Nurturing our cultural and natural heritage
Maria Adiel Aguiling, Doctor of Business Administration, is an assistant professor at De La Salle University, Manila. Email addressZ firstname.lastname@example.org
The Manila Times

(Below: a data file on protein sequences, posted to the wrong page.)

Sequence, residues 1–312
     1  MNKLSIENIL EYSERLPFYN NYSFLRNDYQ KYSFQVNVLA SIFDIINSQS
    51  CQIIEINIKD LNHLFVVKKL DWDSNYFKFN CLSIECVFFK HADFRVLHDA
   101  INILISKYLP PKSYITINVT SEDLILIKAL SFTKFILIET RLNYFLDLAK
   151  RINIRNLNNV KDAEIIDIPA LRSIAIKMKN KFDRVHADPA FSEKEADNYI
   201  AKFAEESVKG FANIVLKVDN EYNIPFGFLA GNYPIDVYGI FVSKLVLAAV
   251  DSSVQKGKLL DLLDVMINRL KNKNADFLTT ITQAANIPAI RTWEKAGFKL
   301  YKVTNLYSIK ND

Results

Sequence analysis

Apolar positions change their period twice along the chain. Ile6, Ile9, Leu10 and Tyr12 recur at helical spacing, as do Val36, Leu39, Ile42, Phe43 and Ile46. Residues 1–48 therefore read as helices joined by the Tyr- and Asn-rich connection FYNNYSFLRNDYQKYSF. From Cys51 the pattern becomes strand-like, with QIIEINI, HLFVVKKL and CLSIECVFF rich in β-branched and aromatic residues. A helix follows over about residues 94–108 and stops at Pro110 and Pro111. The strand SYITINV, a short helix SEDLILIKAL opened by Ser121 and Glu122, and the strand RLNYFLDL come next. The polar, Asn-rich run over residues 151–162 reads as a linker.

CLUSTERS of rice terraces lie in different municipalities of the Ifugao province. Two millennia ago, ethnic tribes used mud clay and stones to construct rice terraces and maintained these with water from mountains. Unesco (United Nations Educational Scientific and Cultural Organization) declared the sites a “priceless contribution of Philippine ancestors to humanity.” Hailed as a Unesco Heritage Site, the opportunity to travel to Ifugao Rice Terraces beckoned. It was not the best season to travel, yet we had an awesome view of Banaue Rice Terraces, just as it is depicted on the P20 bill. The rice paddies were green, brown and yellowish. A red plant, called donglah, sporadically appeared to indicate lot boundaries. Our guide intoned the Hudhud chant, which is sung during the sowing and planting seasons. From Banaue Viewpoint, we headed towards Barangay Batad. The road obliged us to get out of the vehicle and embark on the 30-minute hike to our lodging. After trudging on the rugged terrain until the entrails of the village, we reached our venue with a clear vista of one of the Unesco heritage sites. After lunch, we trekked up Batad Rice Terraces through rocks, wooden steps, narrow pathways, and muddy grounds. Paddies that were not used for harvest were turned into fish ponds. Indeed, present-generation farmers maintain sustainable agriculture. From above, we marveled at the amphitheatershaped rice terraces. The breathtaking landscape and narratives of our native guide sparked off an epic adventure. It was a delectable experience, except for one thingZ litter. The sign to keep the area clean was denied by chip wrappers and plastic bottles tucked in corners. Presumably, these were traces of tourists, local and foreign alike. Yet, how can we keep the area clean? Unfortunately, the maintenance of clean surroundings is not our national pride. One day on a beach in Negros, I found pieces of cloth, papers, wrappers, and broken bottles on the shoreline about 200 meters from the resort. In the metropolis where I live, garbage bags with mixed waste park hours on the streets, and rubbish whirls down crevices and potholes all day long. Sustainable Development Goal 12 aims for sustainable consumption and production. It targets the management of waste to minimize its harm to human health and the environment. How can we hit the target if we do not throw trash in the right place? In the year 2000, Republic Act 9003 established the National Solid Waste Management Commission to address the garbage problem and move towards sustainable development. However, the Commission on Audit (COA) Performance Audit Report (PAO) 2023-01 reported that refuse has steadily increased in the past two decades and reached 16.63 million tons in 2020. A tenacious multi-sectoral approach is exigent to drive home the message that litter is ugly, dirty, and deadly. The comprehensive research of COA featured many vital items for action. I offer various recommendations. This includes rigorous government oversight of waste policies, annual sustainability reporting, recycling initiatives, heritage site cleanups, youth education, media campaigns on responsible consumption, public-private partnerships for environmental protection, and community engagement in developing green cities. Through a dedicated and concerted effort, we achieve a blend of aesthetics, healthy living, and a less toxic environment. In doing so, we can esteem and uphold our heritage, preserving our natural resources in their pristine state and embracing the value of cleanliness.